Use this URL to cite or link to this record in EThOS: https://ethos.bl.uk/OrderDetails.do?uin=uk.bl.ethos.770549
Title: New methods for identifying dune system reactivation drivers and responses, Nebraska Sandhills
Author: Buckland, Catherine
ISNI:       0000 0004 7653 2329
Awarding Body: University of Oxford
Current Institution: University of Oxford
Date of Award: 2018
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Abstract:
Two billion people living in drylands are affected by land degradation and the destabilisation of surface sediments. However, a detailed understanding of the combined effects of natural and anthropogenic factors in contributing to sediment remobilisation is absent from the literature. A quantified awareness of vegetation cover sensitivities and resultant land degradation to forcing factors is needed if the vegetation and landscape response to future climatic changes and human pressure are to be better predicted. Measuring past environmental response in a location with a known disturbance history allows us to identify thresholds and explore the relationship between disturbance forces and sedimentary response within a dryland environment. The Nebraska Sandhills, located in the Central Great Plains, is a semi-arid dune field with a reactivation history spanning the last 10,000 years and a well-documented history of forcing factors over recent decades. Whilst regional reactivations in the Central Great Plains have largely been attributed to palaeoclimatic change, the role of humans (e.g. The Dust Bowl of the 1930s), in particular over grazing, has also been cited as a potential cause of land degradation and sediment reactivation. Using quartz luminescence dating, secondary datasets of forcing factors and statistical inference methods, this thesis identifies the record of sediment deposition in near-surface aeolian stratigraphies in the northern remits of the Nebraska Sandhills and explores the relationship between environmental sensitivity and external disturbance factors. High-resolution luminescence techniques allow us to construct a detailed chronological history of sedimentary deposition events over the last 900 years, producing a record of the environmental response across a range of aeolian features within the semi-arid setting. Combined with a detailed history of climatic, grazing and wildfire pressures, supervised machine learning techniques explore the relationship between forcing factor and environmental response, highlighting the importance of both regional and localised conditions in contributing to the heterogeneous sedimentary response found in the record.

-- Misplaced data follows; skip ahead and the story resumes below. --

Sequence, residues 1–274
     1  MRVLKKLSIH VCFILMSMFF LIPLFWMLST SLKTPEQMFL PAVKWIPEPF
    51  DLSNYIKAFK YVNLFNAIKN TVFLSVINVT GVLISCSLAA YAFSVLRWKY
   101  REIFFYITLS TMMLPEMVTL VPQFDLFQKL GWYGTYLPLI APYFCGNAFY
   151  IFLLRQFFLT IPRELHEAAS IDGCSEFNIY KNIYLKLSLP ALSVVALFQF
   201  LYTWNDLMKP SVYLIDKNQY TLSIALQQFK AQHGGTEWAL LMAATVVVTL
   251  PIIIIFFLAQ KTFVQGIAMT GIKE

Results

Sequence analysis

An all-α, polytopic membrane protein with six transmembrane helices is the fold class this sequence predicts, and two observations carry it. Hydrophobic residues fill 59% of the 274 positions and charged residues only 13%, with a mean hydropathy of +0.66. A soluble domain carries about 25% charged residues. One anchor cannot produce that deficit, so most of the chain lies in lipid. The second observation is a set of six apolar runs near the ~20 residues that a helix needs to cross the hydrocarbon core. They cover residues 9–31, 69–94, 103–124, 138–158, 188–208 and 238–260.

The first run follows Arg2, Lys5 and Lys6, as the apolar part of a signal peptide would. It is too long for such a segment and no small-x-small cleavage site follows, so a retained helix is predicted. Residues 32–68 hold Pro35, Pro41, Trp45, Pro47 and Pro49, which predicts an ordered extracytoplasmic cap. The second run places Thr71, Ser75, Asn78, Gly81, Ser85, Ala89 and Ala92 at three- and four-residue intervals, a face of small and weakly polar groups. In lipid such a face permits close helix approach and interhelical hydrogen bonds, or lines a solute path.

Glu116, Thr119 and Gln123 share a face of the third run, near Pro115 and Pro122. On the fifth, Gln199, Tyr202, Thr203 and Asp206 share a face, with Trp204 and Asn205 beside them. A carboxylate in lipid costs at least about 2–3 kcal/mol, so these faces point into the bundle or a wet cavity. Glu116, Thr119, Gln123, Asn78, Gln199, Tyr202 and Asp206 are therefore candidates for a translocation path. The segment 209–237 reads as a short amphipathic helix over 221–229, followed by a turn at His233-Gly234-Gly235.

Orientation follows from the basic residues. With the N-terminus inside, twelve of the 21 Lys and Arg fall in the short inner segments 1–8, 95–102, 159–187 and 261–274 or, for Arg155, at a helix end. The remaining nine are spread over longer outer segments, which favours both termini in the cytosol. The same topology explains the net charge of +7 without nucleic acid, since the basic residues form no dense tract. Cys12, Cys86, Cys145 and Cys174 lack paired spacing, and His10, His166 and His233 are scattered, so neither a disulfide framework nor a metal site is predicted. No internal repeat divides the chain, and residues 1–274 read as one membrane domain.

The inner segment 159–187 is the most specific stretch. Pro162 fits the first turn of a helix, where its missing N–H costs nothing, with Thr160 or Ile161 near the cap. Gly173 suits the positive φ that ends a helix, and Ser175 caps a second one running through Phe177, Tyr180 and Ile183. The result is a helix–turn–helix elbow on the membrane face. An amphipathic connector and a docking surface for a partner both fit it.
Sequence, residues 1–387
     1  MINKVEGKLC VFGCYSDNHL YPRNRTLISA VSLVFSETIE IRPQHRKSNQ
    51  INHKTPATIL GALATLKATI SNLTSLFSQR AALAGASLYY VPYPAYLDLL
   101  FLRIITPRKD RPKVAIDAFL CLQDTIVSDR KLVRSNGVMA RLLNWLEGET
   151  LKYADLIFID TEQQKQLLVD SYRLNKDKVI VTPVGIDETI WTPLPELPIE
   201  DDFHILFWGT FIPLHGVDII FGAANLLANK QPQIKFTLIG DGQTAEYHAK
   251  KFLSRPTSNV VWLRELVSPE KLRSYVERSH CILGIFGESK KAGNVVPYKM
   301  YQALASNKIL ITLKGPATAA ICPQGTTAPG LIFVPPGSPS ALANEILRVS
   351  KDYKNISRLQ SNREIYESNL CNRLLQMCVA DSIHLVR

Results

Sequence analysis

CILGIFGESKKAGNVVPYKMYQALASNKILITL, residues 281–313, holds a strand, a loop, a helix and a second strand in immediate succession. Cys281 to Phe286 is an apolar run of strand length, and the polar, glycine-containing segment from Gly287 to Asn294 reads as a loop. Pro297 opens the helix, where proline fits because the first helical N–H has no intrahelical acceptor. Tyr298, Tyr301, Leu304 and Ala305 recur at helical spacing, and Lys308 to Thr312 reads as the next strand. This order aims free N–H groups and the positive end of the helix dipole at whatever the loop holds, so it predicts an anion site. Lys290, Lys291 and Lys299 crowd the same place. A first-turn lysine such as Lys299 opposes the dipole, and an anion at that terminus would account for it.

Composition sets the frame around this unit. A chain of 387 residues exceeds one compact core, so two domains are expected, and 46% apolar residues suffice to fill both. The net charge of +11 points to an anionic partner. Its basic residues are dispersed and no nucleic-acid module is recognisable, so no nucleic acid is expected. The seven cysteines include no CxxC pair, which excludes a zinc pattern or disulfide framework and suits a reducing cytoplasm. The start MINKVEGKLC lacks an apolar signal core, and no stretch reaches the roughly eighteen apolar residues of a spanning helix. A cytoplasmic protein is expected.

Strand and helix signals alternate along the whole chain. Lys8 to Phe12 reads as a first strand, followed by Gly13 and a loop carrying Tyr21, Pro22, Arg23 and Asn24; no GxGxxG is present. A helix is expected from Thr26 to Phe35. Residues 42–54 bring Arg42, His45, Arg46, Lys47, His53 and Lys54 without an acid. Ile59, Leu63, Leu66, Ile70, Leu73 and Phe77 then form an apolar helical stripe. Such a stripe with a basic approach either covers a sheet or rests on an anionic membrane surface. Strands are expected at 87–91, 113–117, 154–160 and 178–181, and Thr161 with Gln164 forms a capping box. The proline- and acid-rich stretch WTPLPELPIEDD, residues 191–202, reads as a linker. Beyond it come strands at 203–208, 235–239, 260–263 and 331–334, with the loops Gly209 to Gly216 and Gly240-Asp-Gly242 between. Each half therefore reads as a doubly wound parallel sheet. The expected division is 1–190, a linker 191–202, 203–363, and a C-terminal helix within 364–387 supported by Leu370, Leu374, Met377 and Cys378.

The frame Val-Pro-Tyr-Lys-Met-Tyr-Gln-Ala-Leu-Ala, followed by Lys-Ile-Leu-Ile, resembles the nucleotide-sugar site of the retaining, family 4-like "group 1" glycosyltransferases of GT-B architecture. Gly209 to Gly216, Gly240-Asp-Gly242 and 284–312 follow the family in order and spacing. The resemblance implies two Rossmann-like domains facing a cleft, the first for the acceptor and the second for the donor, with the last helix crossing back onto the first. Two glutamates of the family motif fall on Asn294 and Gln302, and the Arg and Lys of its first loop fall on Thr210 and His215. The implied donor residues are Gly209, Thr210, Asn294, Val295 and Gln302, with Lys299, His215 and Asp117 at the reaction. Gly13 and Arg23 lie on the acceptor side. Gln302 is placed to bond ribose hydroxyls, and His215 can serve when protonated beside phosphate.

Supervisor: Bailey, Richard ; Thomas, David Sponsor: Natural Environmental Research Council
Qualification Name: Thesis (Ph.D.) Qualification Level: Doctoral
EThOS ID: uk.bl.ethos.770549  DOI: Not available
Keywords: Environmental geography
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